Fraudsters can be very persuasive with a variety of techniques and sometimes impeccable charisma. Beginners may not identify the deception. Even someone with advanced experience may not identify the deception if s/he is not suspecting that anything wrong might be taking place. This is where “impeccable charisma” aids with the establishment of rapport even before the pitch is given.

The Organizer responded to my last comment by suggesting I apologize to S and by deleting my comment from the site. I find such censorship to be suspect, too. I have seen people in premium “trading rooms” question conflicting details and be subsequently muted or banned from the room altogether. Some of these may be deceptive conspiracies at work.

Against Target Date Funds (Part 3)

Going back to the beginning, why bother with target date funds (TDFs)?

TDFs do offer convenience but as discussed in the June 2016 AAII Journal, they are not without controversy. Few things reducing to simple, select categories can be well-tailored (think target date and speed to target allocation) for the masses. Even more in doubt is whether TDFs offer better annualized returns or a lower standard deviation of returns. If you have seen such a study in support of TDFs then please let me know.

What we have here sounds like a product being sold without any supporting evidence. If this occurs in the current era of evidence-based medicine then a physician may be sued for malpractice. As a pharmacist, when customers asked me about over-the-counter products not backed by research, I told them straight-up: it’s just marketing and advertising.

Marketing and advertising accounts for too much of the financial industry. Related talks/seminars often feature a financial professional who presents on market outlook (useless unless s/he has a functional crystal ball), about some product (e.g. fund or ETF), or about a relatively simple strategy like asset allocation. People mistake the speaker for a teacher when s/he is actually a paid spokesperson. Whereas other attendees often raise hands in an attempt to ask questions and procure knowledge, I raise my hand to challenge contradictory premises or conclusions lacking sufficient supporting data. I find their descriptions of things more akin to Swiss cheese.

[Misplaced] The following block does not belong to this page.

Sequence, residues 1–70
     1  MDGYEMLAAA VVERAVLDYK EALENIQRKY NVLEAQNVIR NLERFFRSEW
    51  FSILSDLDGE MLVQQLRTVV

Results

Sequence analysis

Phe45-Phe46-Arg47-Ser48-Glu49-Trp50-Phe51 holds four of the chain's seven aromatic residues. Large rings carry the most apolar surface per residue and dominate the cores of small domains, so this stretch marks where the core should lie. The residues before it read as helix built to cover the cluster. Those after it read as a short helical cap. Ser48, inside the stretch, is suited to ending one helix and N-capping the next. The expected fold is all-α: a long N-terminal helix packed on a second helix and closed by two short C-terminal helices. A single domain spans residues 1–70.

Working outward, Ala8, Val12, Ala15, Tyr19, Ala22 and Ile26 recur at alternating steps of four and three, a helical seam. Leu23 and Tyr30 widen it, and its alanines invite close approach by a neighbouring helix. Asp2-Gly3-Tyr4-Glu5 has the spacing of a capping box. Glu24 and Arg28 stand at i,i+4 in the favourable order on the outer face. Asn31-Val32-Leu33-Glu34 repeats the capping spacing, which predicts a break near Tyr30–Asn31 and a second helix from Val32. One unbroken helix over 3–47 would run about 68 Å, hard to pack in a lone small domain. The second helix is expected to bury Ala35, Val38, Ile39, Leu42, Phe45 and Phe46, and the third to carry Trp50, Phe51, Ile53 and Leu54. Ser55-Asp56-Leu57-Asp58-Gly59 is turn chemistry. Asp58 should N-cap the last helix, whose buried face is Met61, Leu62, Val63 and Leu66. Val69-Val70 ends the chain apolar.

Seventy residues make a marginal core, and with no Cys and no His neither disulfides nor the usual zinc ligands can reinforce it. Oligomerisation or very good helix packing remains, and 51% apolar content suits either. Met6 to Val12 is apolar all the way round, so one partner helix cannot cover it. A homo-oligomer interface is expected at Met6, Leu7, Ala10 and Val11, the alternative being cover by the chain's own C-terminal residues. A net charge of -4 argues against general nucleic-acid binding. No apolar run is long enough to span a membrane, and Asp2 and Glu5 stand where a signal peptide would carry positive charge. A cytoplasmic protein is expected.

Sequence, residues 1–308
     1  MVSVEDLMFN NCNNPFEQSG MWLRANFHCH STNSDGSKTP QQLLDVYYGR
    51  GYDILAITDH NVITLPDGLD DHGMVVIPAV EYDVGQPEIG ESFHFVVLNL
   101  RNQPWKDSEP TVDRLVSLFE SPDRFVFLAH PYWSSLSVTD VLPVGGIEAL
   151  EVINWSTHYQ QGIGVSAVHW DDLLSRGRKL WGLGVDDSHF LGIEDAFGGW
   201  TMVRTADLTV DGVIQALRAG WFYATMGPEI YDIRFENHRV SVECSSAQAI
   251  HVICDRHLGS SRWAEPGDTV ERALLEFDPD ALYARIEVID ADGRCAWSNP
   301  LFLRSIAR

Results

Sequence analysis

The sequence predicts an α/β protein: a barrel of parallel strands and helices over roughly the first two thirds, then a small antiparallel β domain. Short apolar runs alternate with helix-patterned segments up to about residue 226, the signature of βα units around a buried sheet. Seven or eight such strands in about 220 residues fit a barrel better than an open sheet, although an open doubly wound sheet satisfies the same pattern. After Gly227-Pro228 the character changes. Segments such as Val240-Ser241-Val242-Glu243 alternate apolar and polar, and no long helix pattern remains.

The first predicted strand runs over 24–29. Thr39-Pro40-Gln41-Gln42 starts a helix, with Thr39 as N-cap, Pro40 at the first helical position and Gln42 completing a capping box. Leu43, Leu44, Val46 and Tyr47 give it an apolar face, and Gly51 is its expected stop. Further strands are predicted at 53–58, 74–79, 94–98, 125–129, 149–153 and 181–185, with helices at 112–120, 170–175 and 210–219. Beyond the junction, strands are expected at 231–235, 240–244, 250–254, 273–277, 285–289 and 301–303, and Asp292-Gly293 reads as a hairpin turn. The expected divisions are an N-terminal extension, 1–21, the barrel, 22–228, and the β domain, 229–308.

This is consistent with my perception of financial advisers as accomplished salespeople. I believe advisers should be data scientists or traders: two occupations that would be much more likely to understand the mechanics of making/losing money. Salespeople just repeat what they are told and embellish with positive spin since they have not done the research or trading themselves.

Members of an audience are conditioned to believe the presenter is an objective expert in virtue of an introduction claiming professional work in the industry and some formal attire. It is probably an illusion, though, as both the presenter and sponsoring organizer/venue are likely benefiting from the event.

So why TDFs aside from the fact that this is what the financial industry has chosen to market and advertise? I have categorized this post as optionScam.com until I figure that out.

Karen the “Supertrader” (Part 2)

Last time, I explained the delivery of Karen “the Supertrader” Bruton to the trading masses. On May 31, 2016, the SEC made a press release about the 34-page complaint.

Here are some excerpts:

     > Each month, Hope [Advisers, which is owned by Bruton]
     > caused the Funds to make certain “Scheme Trades” that
     > had the purpose and effect of realizing a large gain
     > in the current month while effectively guaranteeing